House of Music and Kansalaistori Square, Helsinki
The Helsinki House of Music (Helsingin Musiikkitalo), opened on August 31, 2011, has a long and very scandalous history. The construction initiative was born in 1992 at the Sibelius Academy, which attracted funding from the Helsinki Philharmonic Orchestra, the Finnish Radio Symphony Orchestra, the broadcasting company Yleisradio Oy and the Helsinki City Government. The total amount of funds allocated by them amounted to about 200 million euros. In 1994, a project competition was held, which was won by the architectural company LPR-Arkkitehdit. Famous Japanese engineer Yasuhisa Toyota was invited to study the acoustics of the hall. Throughout the construction, the project was sharply attacked by the public, the public did not like that government money was spent on elite art, others believed that the not too refined glass and concrete box of the House of Music would look out of place next to the Parliament building, and defenders of the historical Center joined the protests. heritage-under the construction site were customs warehouses built in 1899. Before the 2000 municipal elections, about 7,000 people held a rally in their defense, forming a human chain around the warehouses. At the height of the controversy, in 2006, the warehouses miraculously burned down and the building was completed on time. The Helsinki House of Music has several halls of different capacities and each designed for its own genre-folk music, chamber music, jazz, a hall for musical experiments, an organ hall with 4 organs of different sizes. The large hall can accommodate 1,700 spectators. Students of the Sibelius Academy also study here.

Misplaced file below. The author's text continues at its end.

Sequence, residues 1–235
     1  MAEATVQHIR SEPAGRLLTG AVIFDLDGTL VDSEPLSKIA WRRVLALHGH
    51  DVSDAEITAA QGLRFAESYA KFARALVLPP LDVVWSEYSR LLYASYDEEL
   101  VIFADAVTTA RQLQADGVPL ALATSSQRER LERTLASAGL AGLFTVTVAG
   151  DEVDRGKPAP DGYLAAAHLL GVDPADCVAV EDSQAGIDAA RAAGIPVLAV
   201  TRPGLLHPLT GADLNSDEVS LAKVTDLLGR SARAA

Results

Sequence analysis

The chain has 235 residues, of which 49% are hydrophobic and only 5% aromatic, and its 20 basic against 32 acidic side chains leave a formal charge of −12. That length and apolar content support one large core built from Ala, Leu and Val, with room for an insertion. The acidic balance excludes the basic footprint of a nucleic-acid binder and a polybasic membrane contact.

The area between the House of Music and the Museum of Modern Art was cleared of the remains of old warehouses and lawns and paths were built in their place, naming the new public space Kansalaistori Square.
The square is fenced off from the railway tracks of the Central Station by a complex of office buildings, in front of which the Central Library (Helsingin keskustakirjasto Oodi) is being built.
The Singing Pike monument (Laulupuut) appeared on the square in 2012.
The sculpture, which is 13 meters high, is made of aluminum and steel by artist Reyo Hukkasen.
The southern part of the square is occupied by the Santomalo commercial center, built in 1999 by Jan Söderlund and Antti-Matti Siikal. All the walls of the building, including the internal ones, are made of glass. Unfortunately, due to lack of time, it was not possible to look at the stunning interiors of this "glass house".
The ultra-modern complex of the square is completed by the Kiasma Museum of Modern Art, opened in the spring of 1998. The museum's collections contain about 4 thousand exhibits of contemporary art. The exposition of the main collection is updated annually, temporary exhibitions are changed every 3 months. It is the most visited museum in Finland. The museum is open from 10 to 23 hours from Wednesday to Friday, on Tuesdays and weekends from 10 to 17.